The Legend of Paradise

Examining a critical and analytical approach of the sources, it is almost possible to clarify that the fortress of Alamut was situated in rocky and infertile region, and its physical condition during occupation was very much rough and coarse. It was embosomed with swamps and muddy tracts, accounting unhealthy atmosphere. Hasan bin Sabbah immediately embarked on the task of renovating the castle, which was in great need of repairs, improving its fortifications, storage facilities and water supply sources. He also improved and extended the system of irrigation and cultivation of crops in the Alamut, where many trees were planted. Thus, a fertile spot emerged out, tending an eye-catching scene in the barren ranges of Elburz mountain. The fertile tracts of the valley radically began to appear as if an oasis in the desert.

Whenever, the Alamut was threatened, the enemies had to come from Ispahan to Rudhbar after passing through the tedious and barren regions, and pitched their camps at the pastures of Alamut. While retreating, the frustrated forces took their revenge by mutilating and cutting down the luxuriant crops and devastated the smiling fields in order to quench the thirst of hatred and passion. Their temper was also crystallized into romantic stories. Firstly, it was rumoured that the valley of Alamut had been transformed into the gardens of paradise, but it proved an ineffectual among the local people. Instead, the enemies contrived another florid story that so called paradise existed inside the fortress. Since it was difficult to ascertain the story by the local people, it received a less credence in some quarters, whose bits and shreds were sorted out by the later writers to embellish a tale in exaggeration. Thus, the failure to eliminate the Ismailis, begot in its turn the idea of myths and tales. Round a trafling thing has thus grown up a crop of fables, making it a curious hodgepodge. According to "Encyclopaedia of Religion and Ethics" (London, 1958, 2nd vol., p. 140), "Hasan bin Sabbah caused the land surrounding his fortress to be carefully cultivated, and this may have led to the legend of paradise." It was the Venetian traveller Marco Polo (1254-1324) to have heard from the villagers and narrated in his book. He was accompanied by his father and uncle and embarked on his journey to the court of Kubilai Khan (1260-1294). Macro Polo started from Acre in 1271, and passed through Iran in 1272, about 15 years after the reduction of Alamut when it was almost a heap of ruins. He committed his itinerary to writing through a scribe in 1298 and related what he had heard in Iran concerning the tale of paradise in Alamut. His ridiculous account however cannot be credible. It is inferred that he would have never crossed near the ruins of Alamut, and the description of the castle in Marco Polo's book was either the stronghold of Girdkuh near Damghan, which was finally surrendered to the Mongols in 1270, about two years before he crossed Khorasan into northern Afghanistan; or, more probably, some fortress in eastern Kohistan. There he evidently had seen a ruined castle of the Ismailis. His itinerary however did not take him to Alamut, which appears to be the castle alluded to in his account. He had heard from some local informants, which he admits in the beginning, and therefore, his account is admittedly not based on personal observation. It also cannot be denied that Marco Polo's account bears a distinctly occidental imprint, reflecting the influences of different reports which are ultimately traceable to Burchard of Strassburg, Arnold of Lubeck and James of Vitry. It is therefore possible that Marco Polo had knowingly conflated the information he had acquired some 30 years earlier in Iran, with the legends then prevalent in Europe for the Ismailis of Syria. All this sounds to the conclusion that Marco Polo could not have heard his account in its entirety from his informants in Iran.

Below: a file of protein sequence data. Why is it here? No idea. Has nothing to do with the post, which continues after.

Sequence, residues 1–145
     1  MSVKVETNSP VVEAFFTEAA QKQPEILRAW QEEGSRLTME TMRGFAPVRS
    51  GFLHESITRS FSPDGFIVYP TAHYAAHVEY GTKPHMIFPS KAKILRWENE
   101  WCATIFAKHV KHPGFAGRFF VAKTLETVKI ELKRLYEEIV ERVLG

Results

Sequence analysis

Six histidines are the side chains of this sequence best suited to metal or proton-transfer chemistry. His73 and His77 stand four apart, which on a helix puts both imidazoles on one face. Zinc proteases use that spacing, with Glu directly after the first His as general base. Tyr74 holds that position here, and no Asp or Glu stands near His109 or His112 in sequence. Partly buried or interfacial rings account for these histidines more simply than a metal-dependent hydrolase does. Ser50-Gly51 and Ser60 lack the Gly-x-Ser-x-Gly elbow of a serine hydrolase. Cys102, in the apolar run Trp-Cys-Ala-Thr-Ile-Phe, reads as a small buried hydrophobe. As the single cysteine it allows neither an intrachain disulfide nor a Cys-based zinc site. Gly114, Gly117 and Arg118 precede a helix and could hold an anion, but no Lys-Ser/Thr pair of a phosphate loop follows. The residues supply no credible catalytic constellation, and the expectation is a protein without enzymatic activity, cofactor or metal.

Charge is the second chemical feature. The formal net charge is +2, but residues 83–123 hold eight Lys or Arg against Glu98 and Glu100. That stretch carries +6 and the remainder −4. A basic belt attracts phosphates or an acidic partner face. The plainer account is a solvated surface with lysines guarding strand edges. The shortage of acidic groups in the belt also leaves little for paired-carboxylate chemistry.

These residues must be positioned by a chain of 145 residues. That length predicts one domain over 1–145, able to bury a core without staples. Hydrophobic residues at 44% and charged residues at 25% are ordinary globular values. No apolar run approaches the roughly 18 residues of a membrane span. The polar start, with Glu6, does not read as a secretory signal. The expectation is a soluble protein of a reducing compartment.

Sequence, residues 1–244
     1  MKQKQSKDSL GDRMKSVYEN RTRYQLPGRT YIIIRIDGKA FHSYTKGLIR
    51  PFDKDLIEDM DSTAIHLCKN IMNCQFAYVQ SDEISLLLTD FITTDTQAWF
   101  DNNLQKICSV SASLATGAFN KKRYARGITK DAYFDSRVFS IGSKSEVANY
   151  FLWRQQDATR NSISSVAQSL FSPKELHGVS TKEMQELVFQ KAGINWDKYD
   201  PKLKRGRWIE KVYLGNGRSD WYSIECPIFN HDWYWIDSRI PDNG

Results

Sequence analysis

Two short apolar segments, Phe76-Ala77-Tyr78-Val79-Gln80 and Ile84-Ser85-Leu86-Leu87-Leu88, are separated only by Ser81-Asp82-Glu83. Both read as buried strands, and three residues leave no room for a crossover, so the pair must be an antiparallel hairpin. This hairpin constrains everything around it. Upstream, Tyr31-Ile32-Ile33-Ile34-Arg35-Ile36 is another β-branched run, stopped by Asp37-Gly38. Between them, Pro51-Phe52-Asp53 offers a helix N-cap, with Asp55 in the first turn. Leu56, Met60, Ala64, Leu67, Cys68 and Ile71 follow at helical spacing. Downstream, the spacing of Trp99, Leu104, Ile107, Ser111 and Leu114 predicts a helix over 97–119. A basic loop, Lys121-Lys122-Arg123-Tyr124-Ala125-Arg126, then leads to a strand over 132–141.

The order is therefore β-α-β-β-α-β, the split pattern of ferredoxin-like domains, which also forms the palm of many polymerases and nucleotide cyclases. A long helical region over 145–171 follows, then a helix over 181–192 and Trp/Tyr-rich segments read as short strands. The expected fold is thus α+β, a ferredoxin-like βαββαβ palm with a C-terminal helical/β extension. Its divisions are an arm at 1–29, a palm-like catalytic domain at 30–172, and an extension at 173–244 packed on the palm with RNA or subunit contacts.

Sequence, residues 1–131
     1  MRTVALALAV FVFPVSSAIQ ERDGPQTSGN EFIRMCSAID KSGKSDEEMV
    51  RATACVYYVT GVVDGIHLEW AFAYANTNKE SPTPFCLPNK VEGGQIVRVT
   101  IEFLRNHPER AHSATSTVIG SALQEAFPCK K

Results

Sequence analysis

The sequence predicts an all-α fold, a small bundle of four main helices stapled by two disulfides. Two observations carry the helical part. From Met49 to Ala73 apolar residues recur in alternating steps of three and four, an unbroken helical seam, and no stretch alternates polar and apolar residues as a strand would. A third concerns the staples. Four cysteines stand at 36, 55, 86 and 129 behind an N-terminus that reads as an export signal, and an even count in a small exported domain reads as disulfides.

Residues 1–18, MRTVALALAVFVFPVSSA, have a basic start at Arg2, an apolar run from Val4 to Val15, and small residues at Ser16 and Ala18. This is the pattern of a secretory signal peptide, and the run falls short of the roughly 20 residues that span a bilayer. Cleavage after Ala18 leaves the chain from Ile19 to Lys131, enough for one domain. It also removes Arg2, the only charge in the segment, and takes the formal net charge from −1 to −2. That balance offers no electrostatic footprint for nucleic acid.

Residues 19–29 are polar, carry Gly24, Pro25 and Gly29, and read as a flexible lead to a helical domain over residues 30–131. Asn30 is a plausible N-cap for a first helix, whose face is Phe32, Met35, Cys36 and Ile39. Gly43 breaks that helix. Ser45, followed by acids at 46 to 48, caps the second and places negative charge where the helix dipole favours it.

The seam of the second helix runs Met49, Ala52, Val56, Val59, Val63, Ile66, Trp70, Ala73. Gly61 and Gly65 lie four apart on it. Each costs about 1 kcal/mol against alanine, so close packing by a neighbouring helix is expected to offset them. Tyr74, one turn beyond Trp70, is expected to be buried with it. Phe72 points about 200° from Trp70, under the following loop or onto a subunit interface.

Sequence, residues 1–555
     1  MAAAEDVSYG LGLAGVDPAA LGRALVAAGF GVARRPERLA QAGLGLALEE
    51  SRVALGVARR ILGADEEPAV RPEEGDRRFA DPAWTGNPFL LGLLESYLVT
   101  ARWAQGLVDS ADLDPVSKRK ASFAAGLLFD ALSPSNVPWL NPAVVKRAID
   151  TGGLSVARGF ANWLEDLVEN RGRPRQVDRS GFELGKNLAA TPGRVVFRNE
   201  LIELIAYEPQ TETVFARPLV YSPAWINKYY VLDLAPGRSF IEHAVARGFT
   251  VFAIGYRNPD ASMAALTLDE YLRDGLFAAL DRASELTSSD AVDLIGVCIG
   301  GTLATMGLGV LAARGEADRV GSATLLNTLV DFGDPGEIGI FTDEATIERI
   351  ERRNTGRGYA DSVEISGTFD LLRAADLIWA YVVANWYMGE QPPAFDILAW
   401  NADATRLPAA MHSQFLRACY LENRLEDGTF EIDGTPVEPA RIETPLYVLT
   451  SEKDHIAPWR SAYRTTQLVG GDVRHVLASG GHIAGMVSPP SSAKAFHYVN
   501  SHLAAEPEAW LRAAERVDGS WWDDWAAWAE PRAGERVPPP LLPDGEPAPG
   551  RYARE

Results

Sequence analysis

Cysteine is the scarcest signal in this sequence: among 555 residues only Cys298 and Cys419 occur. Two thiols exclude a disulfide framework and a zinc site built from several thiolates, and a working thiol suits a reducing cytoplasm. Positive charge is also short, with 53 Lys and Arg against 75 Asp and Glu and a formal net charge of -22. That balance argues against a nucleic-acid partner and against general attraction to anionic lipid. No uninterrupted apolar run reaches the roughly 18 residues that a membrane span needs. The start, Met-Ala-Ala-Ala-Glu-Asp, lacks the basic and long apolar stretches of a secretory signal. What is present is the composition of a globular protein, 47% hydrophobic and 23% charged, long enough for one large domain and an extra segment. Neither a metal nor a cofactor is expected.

Marco Polo applied the term Ashishin (or Assassin) for the Ismailis. It has been asserted that the term Assassin had originally acquired currency in Crusader circles in reference to the Ismailis of Syria, and it was neither originated or prevalent in Iran, and therefore, Marco Polo could not have heard the term Assassins from his informants in Iran. His curious application of the title of Old Man of the Mountain (Vetus de Mountain, or Viel de la Montaigne) to the ruler of Alamut; also suggests a doubtful description. This title has been coined by the Crusaders for the chief of the Ismailis of Syria, and it was never in usage among the Ismailis of Iran. It is therefore, safe to infer that Marco Polo would have never heard the title of Old Man of the Mountain in Iran, but he used in the light of the then informations prevalent in Europe for the Syrian Ismailis. It will be interesting on this juncture to quote the description of Marco Polo about the secret garden of paradise. He narrates:-

"So he had fashioned it after the description that Mahomet gave of his paradise, to wit, that it should be a beautiful garden running with conduits of wine and milk and honey and water, and full of lovely women for the delectation of all its inmates..He kept at his court a number of the youths of the country, from 12 to 20 years of age, such as had a taste for soldiering, and to these he used to tell tales about paradise, just as Mahomet had be wont to do, and they believed in him just as the Saracens believe in Mahomet.. The prince would then ask whence he came, and he would reply that he came from paradise! and that it was exactly such as Mahomet had described it in the law."